Algerian Coffee Shops have a rich history. To learn more about the social significance of the Algerian coffee shop read our guide for more facts & information…
To understand the importance of Algerian coffee shops it is necessary to look at the history of coffee in the Islamic world. Southern Arabia offers the perfect climate for growing coffee and it was imbibed by the Sufi orders who spread the beverage through the Islamic world between 13th and the 15th centuries. It was discovered that not only was coffee pleasant to drink it promoted wakefulness. Islam forbids the drinking of alcoholic beverages and the term formerly used for wine, qahwa, became the term for coffee.
The Wine of Islam
Europeans referred to coffee as the wine of Islam and in a culture were the drinking of alcohol was not permitted, coffee became an important beverage. The mild euphoria that coffee produced in imbibers became known as marqaha. Coffee shops sprang up throughout the Islamic world, including Algeria, and took the place of the taverns that were popular in Europe. They were a place where men gathered to discuss religion, business and politics.
Coffee as a Sacred Beverage
While in the Western world, coffee remained a pleasant beverage, drunk in the morning to encourage wakefulness, in the Islamic world coffee was a sacred beverage, thought to be a gift from Allah. In one Islamic legend the Angel Gabriel served coffee to a sleepy Muhammad and in another it was given to King Solomon by the Angel Gabriel to cure the residents of a village suffering from an unknown disease.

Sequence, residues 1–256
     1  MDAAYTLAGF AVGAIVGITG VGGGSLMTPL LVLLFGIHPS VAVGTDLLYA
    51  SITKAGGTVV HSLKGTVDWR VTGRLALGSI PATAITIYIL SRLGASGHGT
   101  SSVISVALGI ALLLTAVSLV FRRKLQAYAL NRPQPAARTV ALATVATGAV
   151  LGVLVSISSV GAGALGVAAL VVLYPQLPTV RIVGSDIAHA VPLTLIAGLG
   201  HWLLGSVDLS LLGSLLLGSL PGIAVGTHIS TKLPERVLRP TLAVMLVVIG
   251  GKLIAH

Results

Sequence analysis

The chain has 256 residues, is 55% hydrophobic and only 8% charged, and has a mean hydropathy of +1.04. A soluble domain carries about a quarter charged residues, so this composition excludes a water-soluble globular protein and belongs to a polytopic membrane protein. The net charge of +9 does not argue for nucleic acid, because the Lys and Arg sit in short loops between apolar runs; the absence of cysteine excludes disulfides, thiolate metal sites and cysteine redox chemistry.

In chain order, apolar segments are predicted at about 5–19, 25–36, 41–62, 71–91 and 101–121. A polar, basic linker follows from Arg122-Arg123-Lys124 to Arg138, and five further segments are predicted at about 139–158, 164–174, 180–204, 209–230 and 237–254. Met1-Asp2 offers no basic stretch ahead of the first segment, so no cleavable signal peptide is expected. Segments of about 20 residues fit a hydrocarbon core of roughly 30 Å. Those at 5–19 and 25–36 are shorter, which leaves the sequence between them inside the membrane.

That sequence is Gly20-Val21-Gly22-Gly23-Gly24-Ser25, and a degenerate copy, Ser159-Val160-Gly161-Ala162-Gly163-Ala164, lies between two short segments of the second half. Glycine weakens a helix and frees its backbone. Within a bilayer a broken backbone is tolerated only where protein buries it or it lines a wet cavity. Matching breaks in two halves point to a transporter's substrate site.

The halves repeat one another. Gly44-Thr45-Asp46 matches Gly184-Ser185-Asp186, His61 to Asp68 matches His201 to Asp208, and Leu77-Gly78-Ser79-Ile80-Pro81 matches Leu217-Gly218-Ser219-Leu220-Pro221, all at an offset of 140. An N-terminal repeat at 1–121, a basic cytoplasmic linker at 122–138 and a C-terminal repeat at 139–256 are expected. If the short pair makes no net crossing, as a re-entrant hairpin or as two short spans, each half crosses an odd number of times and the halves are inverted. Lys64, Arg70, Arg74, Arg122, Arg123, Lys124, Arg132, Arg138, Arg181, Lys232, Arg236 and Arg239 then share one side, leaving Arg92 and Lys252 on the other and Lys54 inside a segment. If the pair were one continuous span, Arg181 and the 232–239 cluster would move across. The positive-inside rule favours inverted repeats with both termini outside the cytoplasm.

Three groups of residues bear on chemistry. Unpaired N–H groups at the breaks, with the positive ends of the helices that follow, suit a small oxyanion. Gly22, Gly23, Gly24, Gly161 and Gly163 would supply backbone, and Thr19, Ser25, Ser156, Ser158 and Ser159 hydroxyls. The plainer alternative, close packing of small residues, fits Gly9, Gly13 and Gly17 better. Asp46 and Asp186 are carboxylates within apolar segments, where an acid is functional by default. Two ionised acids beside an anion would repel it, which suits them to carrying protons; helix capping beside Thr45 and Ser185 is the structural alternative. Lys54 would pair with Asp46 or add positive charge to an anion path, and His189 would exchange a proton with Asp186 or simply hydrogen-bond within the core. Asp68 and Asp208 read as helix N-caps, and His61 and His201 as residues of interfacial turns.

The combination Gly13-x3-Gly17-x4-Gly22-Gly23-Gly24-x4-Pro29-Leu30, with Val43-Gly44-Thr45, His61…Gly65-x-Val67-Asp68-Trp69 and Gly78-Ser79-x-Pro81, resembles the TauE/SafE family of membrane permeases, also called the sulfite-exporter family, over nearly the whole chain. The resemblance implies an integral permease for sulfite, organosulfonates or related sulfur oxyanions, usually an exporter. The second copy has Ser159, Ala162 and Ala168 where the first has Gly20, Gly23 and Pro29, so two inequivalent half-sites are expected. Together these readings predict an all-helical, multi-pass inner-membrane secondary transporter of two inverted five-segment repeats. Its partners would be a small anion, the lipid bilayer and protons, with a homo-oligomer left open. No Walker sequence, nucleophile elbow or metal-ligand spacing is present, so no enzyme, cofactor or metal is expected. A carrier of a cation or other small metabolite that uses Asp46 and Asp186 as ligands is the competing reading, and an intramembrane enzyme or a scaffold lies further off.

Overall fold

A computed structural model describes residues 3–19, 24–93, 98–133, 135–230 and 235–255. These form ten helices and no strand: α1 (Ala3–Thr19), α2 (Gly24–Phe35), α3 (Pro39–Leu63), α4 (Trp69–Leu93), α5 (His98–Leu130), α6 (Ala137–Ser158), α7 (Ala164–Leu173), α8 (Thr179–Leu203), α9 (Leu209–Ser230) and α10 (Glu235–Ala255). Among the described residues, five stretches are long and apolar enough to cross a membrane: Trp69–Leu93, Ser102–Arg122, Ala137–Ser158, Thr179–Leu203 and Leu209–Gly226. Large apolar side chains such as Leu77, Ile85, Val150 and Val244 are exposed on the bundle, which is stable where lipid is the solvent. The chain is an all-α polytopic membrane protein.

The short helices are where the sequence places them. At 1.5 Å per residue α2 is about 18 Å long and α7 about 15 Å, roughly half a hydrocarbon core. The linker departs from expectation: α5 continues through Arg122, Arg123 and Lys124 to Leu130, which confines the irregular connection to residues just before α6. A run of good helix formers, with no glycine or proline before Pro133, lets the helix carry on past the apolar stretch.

Algerian Coffee Shops in the War for Independence
Coffee shops have a special importance in Algeria and most of the Arab world. They are places where men meet to discuss politics and matters of importance and during the French Algerian War, political rival parties, the FLN and the MNA carried out bombings and assassinations in local coffee shops. This became know as the cafe wars. The French portrayed attacks in Algerian coffee shops as random terrorist attacks when they were, in fact, part of an internal political struggle. It is estimated that 5000 people, some them European colonists, died in the cafe wars.
The coffee served in Algerian coffee shops does not bear much resemblance to the beverages served in American coffee shops; it is much stronger and has a thicker texture. The religious strictures of Islam mean that women are not welcome to sit in more traditional coffee shops. Algerian coffee shops are the Arabic culture’s version of a men’s club and they are still places where men go to socialize and discuss religion, business and important topics of the day.